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Rural–urban disparities in caesarean deliveries in sub-Saharan Africa: a multivariate non-linear decomposition modelling of Demographic and Health Survey data
Journal – BMC Pregnancy and Childbirth
Article type – Journal research article – Clinical research
Publication date – Sep – 2022
Authors – Bright Opoku Ahinkorah, Richard Gyan Aboagye, Abdul-Aziz Seidu, Joshua Okyere, Aliu Mohammed, Vijay Kumar Chattu, Eugene Budu, Faustina Adoboi, Sanni Yaya
Keywords – Caesarean deliveries, Decomposition analysis, Global Health, Sub-Saharan Africa, Women
Open access – Yes
Speciality – Obstetrics and Gynaecology
World region Central Africa, Eastern Africa, Middle Africa, Southern Africa, Western Africa
Language – English
Submitted to the One Surgery Index on September 30, 2022 at 11:59 pm
Globally, the rate of caesarean deliveries increased from approximately 16.0 million in 2000 to 29.7 million in 2015. In this study, we decomposed the rural–urban disparities in caesarean deliveries in sub-Saharan Africa.
Data for the study were extracted from the most recent Demographic and Health Surveys of twenty-eight countries in sub-Saharan Africa. We included 160,502 women who had delivered in health facilities within the five years preceding the survey. A multivariate non-linear decomposition model was employed to decompose the rural–urban disparities in caesarean deliveries. The results were presented using coefficients and percentages.
The pooled prevalence of caesarean deliveries in the 28 countries considered in the study was 6.04% (95% CI = 5.21–6.88). Caesarean deliveries’ prevalence was highest in Namibia (16.05%; 95% CI = 14.06–18.04) and lowest in Chad (1.32%; 95% CI = 0.91–1.73). For rural-urban disparities in caesarean delivery, the pooled prevalence of caesarean delivery was higher in urban areas (10.37%; 95% CI = 8.99–11.75) than rural areas (3.78%; 95% CI = 3.17-4.39) across the 28 countries. Approximately 81% of the rural–urban disparities in caesarean deliveries were attributable to the differences in child and maternal characteristics. Hence, if the child and maternal characteristics were levelled, more than half of the rural–urban inequality in caesarean deliveries would be reduced. Wealth index (39.2%), antenatal care attendance (13.4%), parity (12.8%), mother’s educational level (3.5%), and health insurance subscription (3.1%) explained approximately 72% of the rural–urban disparities in caesarean deliveries.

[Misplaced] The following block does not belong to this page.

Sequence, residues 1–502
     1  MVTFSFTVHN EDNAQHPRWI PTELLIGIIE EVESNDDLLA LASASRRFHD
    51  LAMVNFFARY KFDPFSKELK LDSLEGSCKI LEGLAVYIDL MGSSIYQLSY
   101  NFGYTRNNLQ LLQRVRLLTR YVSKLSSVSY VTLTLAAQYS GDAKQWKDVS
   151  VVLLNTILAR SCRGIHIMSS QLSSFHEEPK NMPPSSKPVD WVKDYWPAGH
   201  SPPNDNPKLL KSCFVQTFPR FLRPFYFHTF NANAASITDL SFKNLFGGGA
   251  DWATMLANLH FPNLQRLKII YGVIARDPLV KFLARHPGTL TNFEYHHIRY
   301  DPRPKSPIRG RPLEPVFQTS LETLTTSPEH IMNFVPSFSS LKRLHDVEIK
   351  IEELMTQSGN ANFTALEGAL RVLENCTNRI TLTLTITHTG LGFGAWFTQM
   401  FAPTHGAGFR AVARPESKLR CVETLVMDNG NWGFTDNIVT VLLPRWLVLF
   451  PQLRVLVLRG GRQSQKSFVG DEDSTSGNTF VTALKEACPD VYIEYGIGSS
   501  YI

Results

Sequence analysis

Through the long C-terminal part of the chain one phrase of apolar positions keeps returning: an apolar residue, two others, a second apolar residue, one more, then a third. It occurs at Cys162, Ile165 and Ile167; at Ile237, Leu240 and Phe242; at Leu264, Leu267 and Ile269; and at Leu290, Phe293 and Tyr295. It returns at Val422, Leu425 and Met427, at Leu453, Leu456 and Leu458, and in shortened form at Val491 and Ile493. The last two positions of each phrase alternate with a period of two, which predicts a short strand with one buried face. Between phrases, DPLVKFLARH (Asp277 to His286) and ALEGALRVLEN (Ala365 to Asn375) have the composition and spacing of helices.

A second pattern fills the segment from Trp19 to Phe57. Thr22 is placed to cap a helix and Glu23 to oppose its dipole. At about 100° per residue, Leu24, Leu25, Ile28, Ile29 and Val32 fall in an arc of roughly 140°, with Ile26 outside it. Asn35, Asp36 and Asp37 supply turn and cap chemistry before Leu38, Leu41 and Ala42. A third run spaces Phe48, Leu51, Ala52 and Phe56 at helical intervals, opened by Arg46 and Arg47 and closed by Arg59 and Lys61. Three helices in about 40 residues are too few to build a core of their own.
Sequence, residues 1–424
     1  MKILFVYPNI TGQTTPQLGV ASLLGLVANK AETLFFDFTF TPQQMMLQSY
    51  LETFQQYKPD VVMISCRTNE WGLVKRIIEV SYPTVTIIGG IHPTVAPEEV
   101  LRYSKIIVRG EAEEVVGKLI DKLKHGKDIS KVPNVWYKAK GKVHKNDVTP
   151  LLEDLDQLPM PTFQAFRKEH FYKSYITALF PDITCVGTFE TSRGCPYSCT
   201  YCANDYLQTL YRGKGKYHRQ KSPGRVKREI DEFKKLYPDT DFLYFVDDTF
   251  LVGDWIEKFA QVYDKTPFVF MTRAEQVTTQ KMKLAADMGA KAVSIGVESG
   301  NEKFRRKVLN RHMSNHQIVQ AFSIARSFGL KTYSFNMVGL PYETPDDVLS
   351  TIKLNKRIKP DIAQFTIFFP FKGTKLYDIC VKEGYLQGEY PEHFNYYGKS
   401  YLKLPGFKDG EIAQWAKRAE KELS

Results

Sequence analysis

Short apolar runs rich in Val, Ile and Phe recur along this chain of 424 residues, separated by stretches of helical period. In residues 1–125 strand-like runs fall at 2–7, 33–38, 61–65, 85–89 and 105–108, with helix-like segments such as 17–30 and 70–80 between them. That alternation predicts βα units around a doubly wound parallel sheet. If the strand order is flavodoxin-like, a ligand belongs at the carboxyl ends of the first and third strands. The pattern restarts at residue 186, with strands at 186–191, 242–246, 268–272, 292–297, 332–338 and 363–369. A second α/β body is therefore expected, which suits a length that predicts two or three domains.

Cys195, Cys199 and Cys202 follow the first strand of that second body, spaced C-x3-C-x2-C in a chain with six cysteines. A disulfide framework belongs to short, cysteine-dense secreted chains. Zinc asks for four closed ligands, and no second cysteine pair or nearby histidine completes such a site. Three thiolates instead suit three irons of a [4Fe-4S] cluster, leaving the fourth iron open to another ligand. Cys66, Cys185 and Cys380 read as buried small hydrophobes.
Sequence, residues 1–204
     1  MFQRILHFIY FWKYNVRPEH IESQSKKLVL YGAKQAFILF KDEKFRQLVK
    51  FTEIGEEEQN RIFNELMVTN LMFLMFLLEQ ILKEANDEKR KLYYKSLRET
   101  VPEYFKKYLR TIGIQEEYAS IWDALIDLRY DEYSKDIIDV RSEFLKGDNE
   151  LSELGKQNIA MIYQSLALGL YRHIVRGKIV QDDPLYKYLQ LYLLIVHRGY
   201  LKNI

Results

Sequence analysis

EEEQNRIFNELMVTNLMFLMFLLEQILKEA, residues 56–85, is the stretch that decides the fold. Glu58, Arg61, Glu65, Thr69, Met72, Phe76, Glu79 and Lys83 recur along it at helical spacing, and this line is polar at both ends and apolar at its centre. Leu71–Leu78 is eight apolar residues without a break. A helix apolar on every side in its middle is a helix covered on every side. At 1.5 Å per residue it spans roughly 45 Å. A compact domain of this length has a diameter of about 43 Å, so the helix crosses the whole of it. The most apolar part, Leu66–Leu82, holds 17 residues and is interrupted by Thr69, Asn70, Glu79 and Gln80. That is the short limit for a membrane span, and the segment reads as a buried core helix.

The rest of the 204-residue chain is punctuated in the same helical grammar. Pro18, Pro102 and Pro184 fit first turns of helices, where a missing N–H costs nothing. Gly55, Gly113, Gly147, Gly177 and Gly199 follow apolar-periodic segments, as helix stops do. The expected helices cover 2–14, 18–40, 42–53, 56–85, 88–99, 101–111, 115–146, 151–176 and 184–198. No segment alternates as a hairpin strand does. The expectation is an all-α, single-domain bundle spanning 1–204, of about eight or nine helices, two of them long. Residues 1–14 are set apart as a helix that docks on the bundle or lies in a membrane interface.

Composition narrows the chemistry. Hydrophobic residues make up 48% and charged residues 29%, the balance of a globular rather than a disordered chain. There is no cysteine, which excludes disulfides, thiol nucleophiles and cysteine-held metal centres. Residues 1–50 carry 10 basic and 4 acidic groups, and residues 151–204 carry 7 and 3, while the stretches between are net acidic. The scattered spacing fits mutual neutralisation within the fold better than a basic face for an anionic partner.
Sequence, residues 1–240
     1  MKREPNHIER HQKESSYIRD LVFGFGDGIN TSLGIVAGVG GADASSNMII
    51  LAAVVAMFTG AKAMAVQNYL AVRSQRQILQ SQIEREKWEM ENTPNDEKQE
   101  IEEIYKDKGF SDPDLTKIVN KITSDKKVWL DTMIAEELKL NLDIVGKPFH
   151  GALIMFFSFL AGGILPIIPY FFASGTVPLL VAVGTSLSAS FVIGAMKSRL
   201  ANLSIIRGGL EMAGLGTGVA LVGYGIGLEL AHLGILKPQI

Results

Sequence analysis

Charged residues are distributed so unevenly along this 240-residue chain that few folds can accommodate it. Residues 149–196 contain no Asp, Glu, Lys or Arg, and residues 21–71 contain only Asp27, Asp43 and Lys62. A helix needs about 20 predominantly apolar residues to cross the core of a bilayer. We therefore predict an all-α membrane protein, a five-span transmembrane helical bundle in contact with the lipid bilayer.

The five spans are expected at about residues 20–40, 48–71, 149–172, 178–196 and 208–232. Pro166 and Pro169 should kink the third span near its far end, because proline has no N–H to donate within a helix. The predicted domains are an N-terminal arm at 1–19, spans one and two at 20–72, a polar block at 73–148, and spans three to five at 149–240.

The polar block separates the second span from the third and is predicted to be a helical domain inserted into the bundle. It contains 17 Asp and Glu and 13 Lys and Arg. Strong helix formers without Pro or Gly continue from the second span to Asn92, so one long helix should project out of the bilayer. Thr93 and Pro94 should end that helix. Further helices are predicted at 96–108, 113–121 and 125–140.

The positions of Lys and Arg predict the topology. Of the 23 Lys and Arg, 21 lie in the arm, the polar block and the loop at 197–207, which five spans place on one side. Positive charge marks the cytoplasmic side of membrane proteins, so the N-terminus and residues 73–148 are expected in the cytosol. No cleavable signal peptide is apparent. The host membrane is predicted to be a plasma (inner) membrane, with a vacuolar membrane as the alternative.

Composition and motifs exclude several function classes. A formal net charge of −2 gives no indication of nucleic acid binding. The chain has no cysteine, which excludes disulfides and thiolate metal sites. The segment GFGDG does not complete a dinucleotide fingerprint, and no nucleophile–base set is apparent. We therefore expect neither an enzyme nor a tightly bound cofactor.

This study shows significant rural–urban disparities in caesarean deliveries, with the disparities being attributable to the differences in child and maternal characteristics: wealth index, parity, antenatal care attendance, mother’s educational level, and health insurance subscription. Policymakers in the included countries could focus and work on improving the socioeconomic status of rural-dwelling women as well as encouraging antenatal care attendance, women’s education, health insurance subscription, and family planning, particularly in rural areas.
OSI Number – 21773